After a series of quick and unforeseen developments, FTX and its US branch filed for Chapter 11 bankruptcy on November 11, 2022. The company’s former CEO, Sam Bankman-Fried, was arrested in the Bahamas on December 12 and later remanded to the US. There he has pleaded not guilty to eight charges, including conspiracy to defraud investors and wire fraud.
The collapse of FTX, which was once a leading crypto exchange with over $32 billion in valuation, has shaken the whole crypto industry. Its repercussions have been felt across various other exchanges and cryptocurrencies as investors’ confidence shattered.
What went wrong with FTX?
Sheer mismanagement and misuse of funds by FTX created an $8 billion hole, which led to the company’s downfall.
The trouble started when deficiencies in FTX’s operational model were made public by CoinDesk on November 2. The crypto news site leaked a document that suggested Alameda, a hedge fund run by Bankman-Fried, actually owned the major chunk of FTT tokens (FTX native tokens). The balance sheet suggested that problems at one company would inevitably have negative consequences for the other.
In the aftermath, the CEO of Binance Changpeng Zhao announced that his company would be selling all of its FTT holdings, which caused the token’s price to drop sharply. What followed was a surge in withdrawals initiated by panicked investors. Due to its inability to arrange such a large sum of funds, FTX stopped allowing customers to withdraw money from the platform on November 8.
However, the last nail in the coffin came when Zhao retracted from his deal of bailing out the struggling FTX just one day after announcing it. He cited mismanagement of user funds and alleged US agency investigations as the basis for backing out.
Considering this FTX fiasco, it is worth mentioning here that crypto CFD trading, although it has its own risks, allows traders to engage with the market without physically owning the assets. As a result, by becoming a part of CFD brokerage platforms, like easyMarkets, traders may evade the standard risks of the cryptocurrency market.
The collapse can spur regulators into action
The crash of FTX within a few days, which was one of the top crypto exchanges, signifies the importance of appropriate regulatory protection in the cryptocurrency industry.
Currently, this sector is largely unregulated, leaving investors without the same level of protection as they would have with traditional asset brokers. However, this recent chaos has built pressure on authorities to reign in this unregulated space before experiencing the next consequential crisis. Reports indicate that more than $1.7 billion in investor funds have been lost from this horrific collapse, leaving around one million people affected.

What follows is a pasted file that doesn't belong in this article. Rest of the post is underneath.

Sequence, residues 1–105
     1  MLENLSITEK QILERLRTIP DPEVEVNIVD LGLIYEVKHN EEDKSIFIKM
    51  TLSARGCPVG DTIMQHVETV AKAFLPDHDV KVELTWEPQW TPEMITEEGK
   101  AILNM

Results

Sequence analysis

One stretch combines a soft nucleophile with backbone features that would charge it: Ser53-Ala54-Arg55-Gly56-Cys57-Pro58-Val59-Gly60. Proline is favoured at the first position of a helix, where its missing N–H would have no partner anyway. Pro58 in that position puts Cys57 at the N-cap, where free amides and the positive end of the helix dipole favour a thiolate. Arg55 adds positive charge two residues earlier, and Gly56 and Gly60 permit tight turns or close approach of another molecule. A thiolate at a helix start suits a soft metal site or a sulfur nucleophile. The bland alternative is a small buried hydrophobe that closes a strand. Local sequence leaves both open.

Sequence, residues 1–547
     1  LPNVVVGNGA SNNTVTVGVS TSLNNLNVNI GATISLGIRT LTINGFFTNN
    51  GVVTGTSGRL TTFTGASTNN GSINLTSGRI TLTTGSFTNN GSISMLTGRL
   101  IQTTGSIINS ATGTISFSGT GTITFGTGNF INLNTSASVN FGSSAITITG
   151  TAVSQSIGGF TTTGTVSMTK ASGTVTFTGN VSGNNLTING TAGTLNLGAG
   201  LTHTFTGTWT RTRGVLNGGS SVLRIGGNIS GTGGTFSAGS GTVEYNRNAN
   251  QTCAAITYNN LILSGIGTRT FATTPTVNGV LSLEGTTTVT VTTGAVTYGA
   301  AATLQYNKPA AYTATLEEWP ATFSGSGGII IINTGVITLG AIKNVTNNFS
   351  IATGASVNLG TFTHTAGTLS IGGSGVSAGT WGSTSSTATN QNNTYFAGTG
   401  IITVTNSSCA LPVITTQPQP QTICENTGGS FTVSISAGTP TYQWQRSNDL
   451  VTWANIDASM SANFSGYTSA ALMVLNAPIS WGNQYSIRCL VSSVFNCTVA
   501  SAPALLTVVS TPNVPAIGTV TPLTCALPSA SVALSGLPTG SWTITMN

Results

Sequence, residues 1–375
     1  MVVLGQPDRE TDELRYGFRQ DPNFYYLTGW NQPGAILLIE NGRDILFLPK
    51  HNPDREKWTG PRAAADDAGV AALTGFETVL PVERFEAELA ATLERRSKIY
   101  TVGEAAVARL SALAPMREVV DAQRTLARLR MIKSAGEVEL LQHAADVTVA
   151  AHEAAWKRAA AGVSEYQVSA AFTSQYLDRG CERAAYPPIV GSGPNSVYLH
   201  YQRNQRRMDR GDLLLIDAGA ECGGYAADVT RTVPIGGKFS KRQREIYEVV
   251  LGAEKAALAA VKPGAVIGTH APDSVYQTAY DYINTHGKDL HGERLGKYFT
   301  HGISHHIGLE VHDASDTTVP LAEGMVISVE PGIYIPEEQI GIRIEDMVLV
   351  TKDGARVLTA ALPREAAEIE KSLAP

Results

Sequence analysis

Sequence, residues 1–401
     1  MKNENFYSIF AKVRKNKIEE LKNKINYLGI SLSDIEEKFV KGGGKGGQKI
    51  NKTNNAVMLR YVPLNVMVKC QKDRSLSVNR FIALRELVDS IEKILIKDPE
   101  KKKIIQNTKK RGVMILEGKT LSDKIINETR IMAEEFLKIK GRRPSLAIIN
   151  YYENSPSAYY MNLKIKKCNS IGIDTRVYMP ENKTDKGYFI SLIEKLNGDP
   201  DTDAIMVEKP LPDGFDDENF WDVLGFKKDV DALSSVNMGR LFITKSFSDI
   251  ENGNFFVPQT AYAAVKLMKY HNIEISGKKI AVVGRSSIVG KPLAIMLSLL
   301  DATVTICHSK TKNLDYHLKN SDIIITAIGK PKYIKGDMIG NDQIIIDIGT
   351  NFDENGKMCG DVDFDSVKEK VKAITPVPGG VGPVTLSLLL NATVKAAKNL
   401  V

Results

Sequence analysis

That said, the governments in the US, Europe, the UK, and various other regions have become active to regulate the crypto market and reduce risks for investors. As of now, Europe’s Markets in Crypto-Assets (MICA) framework is the most comprehensive crypto regulatory model to date, though it will not become active at least until 2024. On the other hand, the United States has yet to establish an all-inclusive set of rules to secure and regulate the cryptocurrency industry.
Cryptocurrency regulation can ensure the industry’s longevity
Last year, multiple platforms, including Celsius, Three Arrows, and FTX, met their demise as they were neither fully decentralized nor properly centralized. These failures reinforce the need for regulators to act quickly, in order to provide necessary protections to investors and build broader confidence in the market.
Regulating cryptocurrencies would be a healthy development for the industry in the long term perspective, as it would grant more stability to the market. Additionally, the implementation of necessary laws can help reduce the frequency of fraud, scams, and market manipulation incidents, which currently plague this growing industry.
Regulators’ reluctance to establish rules for cryptocurrencies has slowed the growth of the digital asset market till now. New legislation could not only safeguard consumers but also boost the mainstream adoption of cryptocurrencies and prevent future market crises.